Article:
Ahead of her upcoming demo, Slow Food UK board member and Borough Market regular Paula McIntyre explores her love of nuts
At the recent Slow Food Terra Madre festival in Turin, I was presented with some Ark of Taste cobnuts from Kent. Their popularity declined in the 20th century but this quirky delicacy is now enjoying a resurgence as our interest in forgotten foods has reignited.
While most nuts have a sultry, dark feel redolent of cold winter nights, crackling fires and crisp falling leaves, cobnuts have a verdant, creamy quality. They are hazelnut sized, lime green in colour and oval in shape, with a frazzled top and look a bit like a character from the Muppet Show. For as long as I can remember, a very traditional vegetable shop in my home town of Coleraine in Ireland, where a pineapple is as hardcore as you’re going to get, has always had a box of Kentish cobnuts on display at this time of year. It’s like a tick on the calendar and one that brightens up a typical dull day here.
We had a family ritual of picking hazelnuts from a nearby wood when I was growing up and that feeling of nostalgia rekindles when I see a cobnut. You can roast them to take away some of the freshness but I think a virtue should be made of this unique quality. They work well whizzed like a pesto with fresh parsley, lemon and garlic or cooked with brown butter to go with white fish or grilled game.
Tangy and luscious
While cobnuts are quintessentially English, walnuts on the other hand are grown around the globe. These woody-shelled orbs reveal wrinkly beige-covered white flesh. They’re as much prized for their nutritional value as for their tangy, luscious taste. They’re the perfect foil for rich cheeses, unctuous stews and lush salads. In desserts they have a special affinity with coffee—walnut and coffee cake is wonderfully tasty and comforting. They play a pivotal role in the Levantine dip muhamarra, mixed with roast peppers, chilli, cumin and pomegranate, their richness cutting through the zing and spice.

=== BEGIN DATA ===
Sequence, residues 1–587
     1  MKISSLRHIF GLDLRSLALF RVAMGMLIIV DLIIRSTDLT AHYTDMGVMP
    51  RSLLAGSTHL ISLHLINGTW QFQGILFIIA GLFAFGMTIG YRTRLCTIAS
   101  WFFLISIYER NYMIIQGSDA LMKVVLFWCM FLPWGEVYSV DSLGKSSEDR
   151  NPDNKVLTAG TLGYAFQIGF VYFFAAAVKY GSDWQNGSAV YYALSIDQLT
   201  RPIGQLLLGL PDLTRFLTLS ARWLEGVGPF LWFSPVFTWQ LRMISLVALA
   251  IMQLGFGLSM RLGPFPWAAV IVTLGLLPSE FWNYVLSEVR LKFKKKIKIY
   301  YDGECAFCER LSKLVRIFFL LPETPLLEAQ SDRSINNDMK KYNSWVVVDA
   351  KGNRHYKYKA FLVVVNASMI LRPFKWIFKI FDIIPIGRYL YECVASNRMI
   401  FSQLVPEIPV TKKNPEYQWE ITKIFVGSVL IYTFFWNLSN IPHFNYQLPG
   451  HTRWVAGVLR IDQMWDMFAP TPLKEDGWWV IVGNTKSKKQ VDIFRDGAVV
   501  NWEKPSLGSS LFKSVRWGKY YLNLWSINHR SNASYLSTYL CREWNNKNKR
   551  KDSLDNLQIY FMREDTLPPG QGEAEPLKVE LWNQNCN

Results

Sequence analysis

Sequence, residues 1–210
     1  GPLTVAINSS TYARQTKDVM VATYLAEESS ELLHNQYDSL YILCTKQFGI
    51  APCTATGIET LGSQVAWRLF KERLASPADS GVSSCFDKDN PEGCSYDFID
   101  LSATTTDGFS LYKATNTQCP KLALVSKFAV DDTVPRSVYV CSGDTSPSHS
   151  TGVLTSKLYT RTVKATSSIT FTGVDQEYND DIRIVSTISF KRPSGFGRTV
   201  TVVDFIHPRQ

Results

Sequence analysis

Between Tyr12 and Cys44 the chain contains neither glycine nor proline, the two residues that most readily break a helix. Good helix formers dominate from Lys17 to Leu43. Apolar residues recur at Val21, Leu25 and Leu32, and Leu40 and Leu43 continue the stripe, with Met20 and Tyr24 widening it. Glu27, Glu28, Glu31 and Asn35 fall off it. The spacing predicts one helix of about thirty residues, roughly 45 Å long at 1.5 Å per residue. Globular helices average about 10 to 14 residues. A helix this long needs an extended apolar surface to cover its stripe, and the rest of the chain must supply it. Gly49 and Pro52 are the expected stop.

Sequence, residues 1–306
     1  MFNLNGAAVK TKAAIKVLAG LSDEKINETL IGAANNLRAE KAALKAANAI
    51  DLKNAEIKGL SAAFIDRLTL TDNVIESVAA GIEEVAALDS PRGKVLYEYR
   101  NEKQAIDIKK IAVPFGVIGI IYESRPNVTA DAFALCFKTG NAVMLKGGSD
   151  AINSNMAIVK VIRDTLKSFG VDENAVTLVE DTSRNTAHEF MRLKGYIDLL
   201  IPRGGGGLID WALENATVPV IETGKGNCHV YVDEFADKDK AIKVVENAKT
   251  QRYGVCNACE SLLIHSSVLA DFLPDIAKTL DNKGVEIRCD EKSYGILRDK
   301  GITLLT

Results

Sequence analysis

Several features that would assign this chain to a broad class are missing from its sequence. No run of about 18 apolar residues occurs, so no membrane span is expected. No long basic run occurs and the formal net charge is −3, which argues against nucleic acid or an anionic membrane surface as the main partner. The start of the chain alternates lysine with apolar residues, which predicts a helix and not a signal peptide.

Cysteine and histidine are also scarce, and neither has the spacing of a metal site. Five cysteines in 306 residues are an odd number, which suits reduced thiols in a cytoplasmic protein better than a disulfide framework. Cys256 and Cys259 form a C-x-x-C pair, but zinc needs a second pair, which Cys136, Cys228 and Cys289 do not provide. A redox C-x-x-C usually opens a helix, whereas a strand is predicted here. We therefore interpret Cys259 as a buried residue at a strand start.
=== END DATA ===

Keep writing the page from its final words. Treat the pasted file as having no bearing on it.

In medieval times, walnut oil was as prized as gold. Now it’s a treasured ingredient to use sparingly in dressings or as a finishing swish to roast lamb or a beautiful piece of flat fish fried in butter.
Every year I visit the Frosinone region of Italy and in early December the village of Terelle, near where I stay, hosts a chestnut festival where the nuts are roasted in the traditional style over flaming wood. They serve dishes using chestnuts, chestnut flour cakes and chestnut flower honey. I had gnocchi made with chestnut flour and served with wild boar ragu and it remains a stand-out eating experience for me.
My best experience though was when, one Christmas Eve, my friend’s dad, Nino Morelli, roasted chestnuts in his specially adapted frying pan with holes drilled in. He lined it with the shiny, dark nuts and cooked over an open flame. Once they started to blister and pop he wrapped them in newspaper. We peeled the skins and enjoyed the warm, smoky flesh with a glass of sweet, cool vin santo—perfect for an autumnal evening!
Join Paula for tips, tastings and recipes on Friday 7th October in the Market Hall, 12:30-2pm